Nocturnal Animals: Movie Review

nocturnal-animals-adams-4Let me warn you now: there are inevitable spoilers in the following review of Tom Ford’s Nocturnal Animals (you might remember him from such things as A Single Man and a pair of sunglasses, since Ford was born designer, and he still is, but also enjoys writing screenplays and direct movies). So, if you don’t want spoilers, let me tell you that the movie is astounding and you should certainly check it out. For those of you who want to know a little more, here are my thoughts.

The film begins by introducing us to a bored and sad Susan Morrow (Amy Adams, who worked on a lot of trash… ehm, movies like Man of Steel, Batman V Superman, and Enchanted) in her golden world of art business for the rich. Actually, the film begins with titles which immediately reveal that this film won’t leave you indifferent, and I challenge anyone not to be moved by Nocturnal Animals. But I digress, let’s go back to the plot. During a weekend when her husband (a sort of Barbie’s Ken played by Armie Hammer) leaves home for “work” (yes, that sort of “work”), Susan receives a manuscript from her first husband (called Edward Sheffield) whom she hasn’t seen in twenty years. This is a book he wrote and dedicated to her, accompanied by a letter in which he tells her that he’ll be in town these days and that he wanted her to be the first to read his work which will be published in a few days. From this moment onwards, Tom Ford shows us two stories: the reality of Susan Morrow, golden but empty and with people with completely fake feelings, and the story of the book, in which Tony Hastings (Jake Gyllenhaal, who’s as good an actor as his surname is unpronounceable) travels by car with his wife and daughter through Texas. In fact, there are three stories, because we see both the present and various flashbacks of Susan Morrow’s life.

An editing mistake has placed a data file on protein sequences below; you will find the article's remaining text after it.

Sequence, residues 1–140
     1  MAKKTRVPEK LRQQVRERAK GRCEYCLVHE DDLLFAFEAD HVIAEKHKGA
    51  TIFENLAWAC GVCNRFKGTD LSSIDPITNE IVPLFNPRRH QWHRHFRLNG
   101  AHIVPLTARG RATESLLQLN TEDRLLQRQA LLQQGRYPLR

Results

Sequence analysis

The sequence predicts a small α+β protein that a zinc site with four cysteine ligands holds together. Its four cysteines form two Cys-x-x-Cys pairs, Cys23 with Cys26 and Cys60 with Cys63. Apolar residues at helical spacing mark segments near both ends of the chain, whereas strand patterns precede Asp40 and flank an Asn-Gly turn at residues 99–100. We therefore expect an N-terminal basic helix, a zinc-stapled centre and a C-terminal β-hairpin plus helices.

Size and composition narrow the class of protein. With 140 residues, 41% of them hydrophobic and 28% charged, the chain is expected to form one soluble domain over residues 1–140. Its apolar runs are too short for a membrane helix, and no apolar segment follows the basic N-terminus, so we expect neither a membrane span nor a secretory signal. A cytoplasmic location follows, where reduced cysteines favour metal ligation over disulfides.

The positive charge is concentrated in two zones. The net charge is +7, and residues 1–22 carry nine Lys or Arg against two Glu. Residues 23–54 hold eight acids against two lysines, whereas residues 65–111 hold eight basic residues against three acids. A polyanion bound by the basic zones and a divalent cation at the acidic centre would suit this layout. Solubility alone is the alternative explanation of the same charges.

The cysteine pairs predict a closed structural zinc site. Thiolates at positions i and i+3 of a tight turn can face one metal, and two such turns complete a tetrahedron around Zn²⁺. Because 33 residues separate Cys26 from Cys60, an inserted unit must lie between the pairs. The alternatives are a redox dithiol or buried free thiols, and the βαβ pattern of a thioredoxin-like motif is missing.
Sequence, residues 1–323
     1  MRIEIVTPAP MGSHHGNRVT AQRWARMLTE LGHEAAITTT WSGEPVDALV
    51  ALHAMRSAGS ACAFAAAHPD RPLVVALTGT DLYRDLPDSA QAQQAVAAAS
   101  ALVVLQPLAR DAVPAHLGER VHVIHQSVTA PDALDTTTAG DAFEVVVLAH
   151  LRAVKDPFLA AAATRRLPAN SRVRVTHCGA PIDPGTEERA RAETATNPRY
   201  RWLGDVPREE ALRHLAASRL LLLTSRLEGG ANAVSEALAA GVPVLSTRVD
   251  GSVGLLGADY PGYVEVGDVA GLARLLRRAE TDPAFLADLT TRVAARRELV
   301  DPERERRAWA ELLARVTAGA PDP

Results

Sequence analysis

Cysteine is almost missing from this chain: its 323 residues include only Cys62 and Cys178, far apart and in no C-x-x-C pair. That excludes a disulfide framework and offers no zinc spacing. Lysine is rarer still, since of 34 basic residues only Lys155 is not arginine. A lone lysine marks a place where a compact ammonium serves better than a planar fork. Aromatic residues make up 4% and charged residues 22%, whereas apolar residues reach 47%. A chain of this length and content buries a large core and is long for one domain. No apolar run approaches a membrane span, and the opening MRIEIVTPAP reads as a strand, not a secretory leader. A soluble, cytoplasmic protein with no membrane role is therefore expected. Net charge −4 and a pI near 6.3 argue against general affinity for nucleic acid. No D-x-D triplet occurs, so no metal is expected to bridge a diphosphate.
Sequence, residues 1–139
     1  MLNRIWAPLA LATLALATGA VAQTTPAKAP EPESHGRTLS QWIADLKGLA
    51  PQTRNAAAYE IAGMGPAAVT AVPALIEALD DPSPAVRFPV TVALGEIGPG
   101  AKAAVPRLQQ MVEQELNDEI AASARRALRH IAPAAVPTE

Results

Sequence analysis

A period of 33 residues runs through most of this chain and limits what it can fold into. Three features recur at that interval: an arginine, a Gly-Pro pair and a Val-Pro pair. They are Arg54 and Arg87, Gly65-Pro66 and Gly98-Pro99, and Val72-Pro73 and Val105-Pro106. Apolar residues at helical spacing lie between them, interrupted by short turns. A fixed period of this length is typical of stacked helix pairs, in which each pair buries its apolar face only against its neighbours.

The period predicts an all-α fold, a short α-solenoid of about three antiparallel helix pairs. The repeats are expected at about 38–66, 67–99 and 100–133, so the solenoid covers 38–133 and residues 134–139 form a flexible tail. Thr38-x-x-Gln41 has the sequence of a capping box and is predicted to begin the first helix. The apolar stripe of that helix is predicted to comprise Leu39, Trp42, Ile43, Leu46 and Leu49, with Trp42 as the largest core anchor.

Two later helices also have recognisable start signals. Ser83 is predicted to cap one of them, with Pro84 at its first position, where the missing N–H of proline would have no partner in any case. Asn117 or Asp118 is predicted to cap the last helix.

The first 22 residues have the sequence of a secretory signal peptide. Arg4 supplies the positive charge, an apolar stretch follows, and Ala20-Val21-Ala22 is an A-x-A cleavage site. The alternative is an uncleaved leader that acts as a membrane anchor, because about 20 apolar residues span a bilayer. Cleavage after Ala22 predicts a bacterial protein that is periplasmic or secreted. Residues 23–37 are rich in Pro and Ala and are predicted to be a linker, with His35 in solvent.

Second and final warning. The spoilers really start here! In Edward Sheffield’s book, Tony Hastings has an altercation with a car carrying three boys from Texas who are anything but harmless. The premises here recall the episode of Relatos Salvajes (2014 – it’s a great Argentine film by Damián Szifrón: if you haven’t seen it, do it as soon as you can because it’s worth it!) in which two drivers end up killing each other for a misunderstanding while driving their respective cars. The tension rises when Hastings is forced to stop the car and confront the three, in a spiral of violence that leads to the kidnapping of his wife and daughter who will end up very badly. Hastings survives and meets the lieutenant of the place (played by a wonderful Michael Shannon, Jeff Nichols’ favorite actor, and let me give you some suggestions: Shotgun Stories, Take Shelter and Mud are all good movies!) who takes charge of the case. But the investigation doesn’t go anywhere for a year, when for another crime the lieutenant manages to capture two of the three, but has no evidence to frame their leader (a really scary Aaron Taylor-Johnson). This will end with a private revenge facilitated by the lieutenant who has nothing to lose as he is about to die of cancer, a vengeance that will eventually kill the poor Hastings. In the real world, meanwhile, Susan will be left alone and trapped in her empty life whose premises she created twenty years before by leaving Sheffield, a Sheffield that we will never see despite the meeting she arranged with the sad Susan. [a note: Ford really wanted to be clear on the theme of the movie with the scene in which there’s a huge REVENGE sign written in large letters above a drawing!]